How to Train a Chihuahua

And Chihuahua Breed Information

 

Before I get into how to train a Chihuahua, let me talk about the breed in general. The first thing to know is that they are spunky, classy, brave dogs. With proper socialization, they are wonderful companions, and without it, they can be pretty anti-social and high-strung.

The reason Chihuahuas are so popular, is because they’re very energetic and very individual. Once they bond with a human or a family, they’re loyal for life. But this is definitely a dog that requires both obedience training and puppy socialization, even more so than many other dog breeds.

Jump to: About the Breed, Temperament, Health Issues, or How to Train a Chihuahua.

About the Breed – Chihuahua

As you might guess by the name, the Chihuahua comes from Mexico. They are the smallest recognized toy dog breed in the world.

Chihuahua for sale are often advertised with the attached “Mini,” “Toy” or “Teacup” name, but there’s no difference. All Chihuahuas are the same, except that there is a short coat and long coat variety. Chihuahuas do shed, sometimes excessively. The colors of Chihuahuas come in many varieties.

Despite being toy dogs, a healthy Chihuahua is built strongly for its size – a fact you should keep in mind when choosing a puppy from a litter. Adult Chihuahuas are between six and nine inches at the shoulders, and weigh six pounds or less.

Healthy Chihuahuas live for about 15-18 years.

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Social Temperament – Chihuahua

A Chihuahua wants to be near its people – that’s the first thing to know, they are extremely attached to their pack.

The Chihuahua breed is well-known for being extremely brave and alert. They’re often compared to Terriers, for their high energy level, and their mischievous craving for fun.

Moreso than many other breeds, Chihuahua need puppy socialization and obedience training in order to reign in their natural sense of superiority and independence. Make sure that, as early as possible, your Chihuahua meets a good number of people and dogs who don’t live with you – this will help you avoid their over-protective tendencies as they grow older.

Three common problems arise in Chihuahuas that have not been properly socialized or trained for obedience:

  • Dog-to-dog aggression.
  • Fear or aggression towards strangers.
  • Trying to control small children.

And finally, although it goes without saying, a Chihuahua makes a very effective watchdog.

Unique Health Problems – Chihuahua

So long as you buy your Chihuahua from a dog breeder that’s carefully screening which dogs they breed in order to avoid hereditary medical problems, you’ll find your Chihuahua to be a sturdy dog when it comes to health. Here are some of the health care facts you should be aware of:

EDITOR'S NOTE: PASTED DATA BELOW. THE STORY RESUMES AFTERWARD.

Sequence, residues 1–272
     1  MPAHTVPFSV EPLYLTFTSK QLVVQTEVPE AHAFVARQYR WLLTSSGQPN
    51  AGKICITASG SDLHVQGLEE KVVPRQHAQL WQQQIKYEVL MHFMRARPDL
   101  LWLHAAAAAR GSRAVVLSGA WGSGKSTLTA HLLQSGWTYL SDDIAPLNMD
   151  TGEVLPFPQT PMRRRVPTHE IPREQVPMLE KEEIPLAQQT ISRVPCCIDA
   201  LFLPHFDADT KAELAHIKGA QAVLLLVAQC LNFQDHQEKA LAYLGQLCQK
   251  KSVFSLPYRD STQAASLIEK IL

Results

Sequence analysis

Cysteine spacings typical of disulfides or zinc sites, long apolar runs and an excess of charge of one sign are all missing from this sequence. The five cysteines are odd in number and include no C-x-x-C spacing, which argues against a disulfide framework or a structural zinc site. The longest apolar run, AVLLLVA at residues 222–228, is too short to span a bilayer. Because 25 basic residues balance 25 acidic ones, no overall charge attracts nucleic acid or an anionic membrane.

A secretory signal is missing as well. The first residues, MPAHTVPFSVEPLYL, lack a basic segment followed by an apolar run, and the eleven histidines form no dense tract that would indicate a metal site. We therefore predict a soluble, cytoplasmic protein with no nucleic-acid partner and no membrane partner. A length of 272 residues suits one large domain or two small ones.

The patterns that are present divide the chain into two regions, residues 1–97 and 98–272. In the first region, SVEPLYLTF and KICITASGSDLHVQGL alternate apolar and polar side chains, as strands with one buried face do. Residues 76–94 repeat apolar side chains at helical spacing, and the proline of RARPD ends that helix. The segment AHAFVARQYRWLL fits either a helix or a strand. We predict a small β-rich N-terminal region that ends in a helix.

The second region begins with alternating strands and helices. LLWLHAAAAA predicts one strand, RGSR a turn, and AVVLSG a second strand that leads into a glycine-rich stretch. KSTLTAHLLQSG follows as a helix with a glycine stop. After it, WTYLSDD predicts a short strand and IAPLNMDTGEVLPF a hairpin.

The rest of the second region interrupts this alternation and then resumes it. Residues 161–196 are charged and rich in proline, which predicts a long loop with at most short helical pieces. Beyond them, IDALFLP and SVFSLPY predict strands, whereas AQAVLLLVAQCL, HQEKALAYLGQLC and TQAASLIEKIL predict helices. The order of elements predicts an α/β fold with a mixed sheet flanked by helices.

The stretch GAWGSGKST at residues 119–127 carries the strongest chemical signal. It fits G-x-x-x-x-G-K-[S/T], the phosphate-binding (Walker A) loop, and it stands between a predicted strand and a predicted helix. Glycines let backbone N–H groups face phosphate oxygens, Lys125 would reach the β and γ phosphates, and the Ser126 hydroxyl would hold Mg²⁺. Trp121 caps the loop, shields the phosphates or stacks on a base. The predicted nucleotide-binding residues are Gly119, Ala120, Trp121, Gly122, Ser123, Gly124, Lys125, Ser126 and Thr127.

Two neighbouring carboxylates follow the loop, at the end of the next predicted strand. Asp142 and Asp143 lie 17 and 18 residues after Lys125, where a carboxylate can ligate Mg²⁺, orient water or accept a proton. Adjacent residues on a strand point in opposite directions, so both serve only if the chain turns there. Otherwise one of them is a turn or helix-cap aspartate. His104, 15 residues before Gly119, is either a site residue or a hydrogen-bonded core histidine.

• Those gigantic eyes can be vulnerable to infection, dryness, and glaucoma. Clean the eyes often.
  • Chihuahuas’ teeth and gums need regular brushing.
  • It’s easy to over-feed such a small dog, causing a host of health risks.
  • A Chihuahua can accidentally be trampled, also because of their size.
  • Chihuahuas don’t do well in cold climates.
  • Patellar Luxation – a leg problem – is known to occur.
  • Epilepsy and repeated seizures can either be hereditary or lifestyle-related.
  • About half of all Chihuahuas have a molera, which is a gap in the top of the skull. It’s normal, but it’s vulnerable.

How To Train A Chihuahua

The first thing to know is that you must give a Chihuahua proper obedience training and puppy socialization. If you don’t, your dog will assume the alpha role of the household and will boss everyone around.

On the other hand, if you do train a Chihuahua right, they’ll be wonderful. They make good students, because puppy training helps them use their abundant energy, and because they enjoy bonding with you. Use the right methods of puppy training, positive reinforcement for a job well done and lots of patience and repetition.

Before obedience training, you’ll obviously want to house train your Chihuahua. This is not as difficult as it is with some dog breeds, unless you live in a cold climate where they won’t want to be outside – if that applies to you, you’ll want doggie clothes. Crate training helps a great deal in the potty training process.

After training your Chihuahua to sit, stay, and go to his spot – all the basic obedience commands that establish you as the alpha and the Chihuahua as the follower – you’ll have no problem with any cool dog tricks or other advanced obedience training you want to teach.

Return to my guide to training a dog, or read about other popular pet dog breeds .

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